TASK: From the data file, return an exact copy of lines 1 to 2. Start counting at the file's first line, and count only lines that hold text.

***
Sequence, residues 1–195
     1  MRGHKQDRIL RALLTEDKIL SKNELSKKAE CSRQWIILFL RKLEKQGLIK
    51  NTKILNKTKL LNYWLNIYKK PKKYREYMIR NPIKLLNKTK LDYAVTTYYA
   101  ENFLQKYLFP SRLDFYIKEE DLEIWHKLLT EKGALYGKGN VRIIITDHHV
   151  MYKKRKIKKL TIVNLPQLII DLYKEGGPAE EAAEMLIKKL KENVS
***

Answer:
Sequence, residues 1–195
     1  MRGHKQDRIL RALLTEDKIL SKNELSKKAE CSRQWIILFL RKLEKQGLIK